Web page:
Jamie Morton is the NZ Herald's science reporter.

Strange but true: The sand dunes we can't get on Earth

Wind-sculpted sand ripples on Mars mimic water-caused ones on Earth. Photo / Nasa
Wind-sculpted sand ripples on Mars mimic water-caused ones on Earth. Photo / Nasa

The sand dunes we can't get on Earth

Some of the wind-sculpted sand ripples on Mars and their relationship to the thin Martian atmosphere have provided new clues about its history. Six months ago, Nasa's Curiosity Mars rover made the first up-close study of active sand dunes at the Bagnold Dunes on Mars' Mount Sharp. The researchers concluded that the metre-scale ripples are made by Martian wind dragging sand the same way water drags sand particles on Earth.

What pigs can tell us with grunts

We might think it only the language of middle-aged, couch-bound human males, but grunts are also a complex form of communication between pigs. UK researchers have found pigs' grunts vary depending on their personality and can convey information about their welfare. Pigs with more proactive personality types produced grunts at a higher rate, while male pigs kept in lower-quality conditions made fewer grunts compared with those housed in more comfortable environments.

How humans are creating new species

Species across the world are rapidly going extinct due to human activities, but humans are also causing rapid evolution and the emergence of new species. A study by Danish scientists summarises the causes of "human-made speciation" - which can occur through mechanisms such as accidental introductions, domestication of animals and crops, unnatural selection due to hunting, or the emergence of novel ecosystems such as the urban environment. One example included a subterranean sub-population of the common house mosquito, which adapted to the environment of London's underground railway system in London and can no longer interbreed with its above-ground counterpart.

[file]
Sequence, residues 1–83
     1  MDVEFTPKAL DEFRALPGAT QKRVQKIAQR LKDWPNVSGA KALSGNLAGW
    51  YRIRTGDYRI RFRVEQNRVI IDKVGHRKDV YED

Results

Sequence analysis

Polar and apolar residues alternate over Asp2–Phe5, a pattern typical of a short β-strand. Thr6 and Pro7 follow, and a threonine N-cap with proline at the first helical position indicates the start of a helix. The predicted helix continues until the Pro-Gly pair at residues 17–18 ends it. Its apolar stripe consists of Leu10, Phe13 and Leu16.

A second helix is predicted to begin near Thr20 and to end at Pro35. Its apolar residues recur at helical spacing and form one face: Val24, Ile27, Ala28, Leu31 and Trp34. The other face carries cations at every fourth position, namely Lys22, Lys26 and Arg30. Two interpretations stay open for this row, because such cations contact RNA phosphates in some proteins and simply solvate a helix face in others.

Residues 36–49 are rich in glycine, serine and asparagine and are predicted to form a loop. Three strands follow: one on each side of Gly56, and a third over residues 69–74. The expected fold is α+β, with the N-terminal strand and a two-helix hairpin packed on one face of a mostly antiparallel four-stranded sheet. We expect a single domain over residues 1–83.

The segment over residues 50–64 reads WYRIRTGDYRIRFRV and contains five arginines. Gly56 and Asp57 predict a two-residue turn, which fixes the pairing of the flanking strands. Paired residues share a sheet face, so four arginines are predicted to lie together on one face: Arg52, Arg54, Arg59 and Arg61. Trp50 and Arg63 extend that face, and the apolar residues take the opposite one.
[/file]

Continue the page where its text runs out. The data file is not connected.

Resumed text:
Altered brain waves: another reason not to text and drive

Flicking off a text messages on a smartphone can change the rhythm of brain waves, according to a new study published in Epilepsy & Behavior. Over 16 months, Mayo Clinic researcher William Tatum studied the brain waves of 129 people, using a combination of video footage and electroencephalograms (EEGs). He found a unique "texting rhythm" in around one in five patients who were using their smartphone to text message. "There is now a biological reason why people shouldn't text and drive - texting can change brain waves," he said.

Your make-up can make others jealous

Men think women wearing make-up are more "prestigious", while women think women who wear make-up are more "dominant", according to a UK psychology study. "While both sexes agree that women with make-up look more attractive, when it comes to 'high status' it really depends on who is looking," said Dr Viktoria Mileva of the University of Stirling.

Research suggests high status can be gained through appearing dominant or by displaying qualities that make others want to follow you. "We did some follow-up studies as to why women might feel that women with make-up are perceived as more dominant, and it looks like it might be related to jealousy and threat potential."

- NZ Herald

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